He almost shared a birthday with the nation. Joseph Rodriguez was born on the 3rd of July and his patriotism is legendary in his family. The Marine served in World War II and played a pivotal role in ground assaults that helped the U.S. secure victory in Japan.
Marine Joseph Rodriguez was on a mission in Japan in 1945 when he came upon a grizzly scene. "I was going up a hill and I was really shocked at what I saw, dead bodies all over the place," he said.
He saw the remnants of a battle between Japanese soldiers and U.S. Marines only the battle wasn't quite over.
"I looked down and I saw dust come up and dust come up again. There was someone shooting at me," Rodriguez told us.
He narrowly avoided being shot before getting away. That was the first of many dangerous missions as a Marine. But Rodriguez says the branch almost didn't take him when he went to sign up as a young man in Illinois in 1944. He had a lot of heart but not a lot of weight. He was only 120 pounds. The Marines warned him he better give it all he had.
Rodriguez said they told him, "if you don't make it we're going to send you right back to your mama. I said ok."
He went through boot camp at a Marine base in San Diego and took specialized training at the ally controlled island of Guadalcanal in the South Pacific. He trained to be in the infantry firing anti-aircraft weapons and learning to serve on a survey crew. Their job was to scout out locations for long range weapons. And that's what he did when he got to Japan on April 1, 1945.
He was part of Operation Iceberg as allied forces tried to take Okinawa. He remembers the moment he arrived by boat. He said, "keep your head down and just run. We were splashing through water because the boats, they don't land on shore."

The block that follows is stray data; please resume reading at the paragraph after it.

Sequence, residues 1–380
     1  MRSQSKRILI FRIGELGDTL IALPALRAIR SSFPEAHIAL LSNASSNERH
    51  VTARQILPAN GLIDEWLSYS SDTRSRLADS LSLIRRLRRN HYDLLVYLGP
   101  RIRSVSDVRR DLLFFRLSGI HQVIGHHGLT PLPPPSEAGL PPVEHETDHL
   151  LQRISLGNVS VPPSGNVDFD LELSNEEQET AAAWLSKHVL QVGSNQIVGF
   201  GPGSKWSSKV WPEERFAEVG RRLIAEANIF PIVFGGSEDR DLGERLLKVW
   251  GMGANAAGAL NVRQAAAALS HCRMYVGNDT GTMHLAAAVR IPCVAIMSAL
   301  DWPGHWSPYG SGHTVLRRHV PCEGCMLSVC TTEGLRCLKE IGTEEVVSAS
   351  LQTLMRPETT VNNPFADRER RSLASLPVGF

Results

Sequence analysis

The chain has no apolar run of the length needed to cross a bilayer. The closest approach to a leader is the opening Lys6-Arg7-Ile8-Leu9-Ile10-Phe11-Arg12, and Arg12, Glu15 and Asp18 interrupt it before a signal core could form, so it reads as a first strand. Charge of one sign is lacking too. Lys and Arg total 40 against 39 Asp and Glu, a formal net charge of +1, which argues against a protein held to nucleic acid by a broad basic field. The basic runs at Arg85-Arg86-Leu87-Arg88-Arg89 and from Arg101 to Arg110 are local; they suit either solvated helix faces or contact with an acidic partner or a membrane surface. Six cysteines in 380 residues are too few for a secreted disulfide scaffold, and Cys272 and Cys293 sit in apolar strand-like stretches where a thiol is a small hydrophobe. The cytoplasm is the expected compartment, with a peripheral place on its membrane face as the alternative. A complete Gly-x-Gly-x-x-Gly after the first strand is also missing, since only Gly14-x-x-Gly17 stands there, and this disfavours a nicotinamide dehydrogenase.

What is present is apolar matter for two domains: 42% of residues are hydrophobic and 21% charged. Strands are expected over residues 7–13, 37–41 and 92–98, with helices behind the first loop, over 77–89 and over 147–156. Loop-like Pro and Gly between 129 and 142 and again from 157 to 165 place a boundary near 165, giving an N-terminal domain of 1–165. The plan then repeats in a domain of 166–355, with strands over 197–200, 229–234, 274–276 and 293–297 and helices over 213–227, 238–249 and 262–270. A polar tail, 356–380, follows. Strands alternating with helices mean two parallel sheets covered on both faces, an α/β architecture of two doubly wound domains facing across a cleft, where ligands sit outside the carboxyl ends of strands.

They were being fired at the whole way. But he survived. During his time in Okinawa the Japanese fought desperately to gain back the ground they lost. The battle of Okinawa lasted nearly 3 months. After it ended Rodriguez and other Marines were stationed in Tsingtao, China where they accepted the surrender of Japanese soldiers.
In 1946 he was headed back home to Illinois where his family was waiting to welcome him. His mother put out a big spread of home cooked food, cooking he hadn't tasted in years. "She had food and she had made fresh tortillas, and rice and beans, tamales and what not," he said.
He was finally home but forever a Marine. He came to Texas to raise his family. His daughter Joyce Cammack says her dad taught her to love this country and to understand what it took to protect it. Cammack said, "I've always been proud of Dad. He kind of epitomizes the Semper Fi valor and honor and that's my dad."
"If I had to die I'd die for my country any day," Rodriguez told us.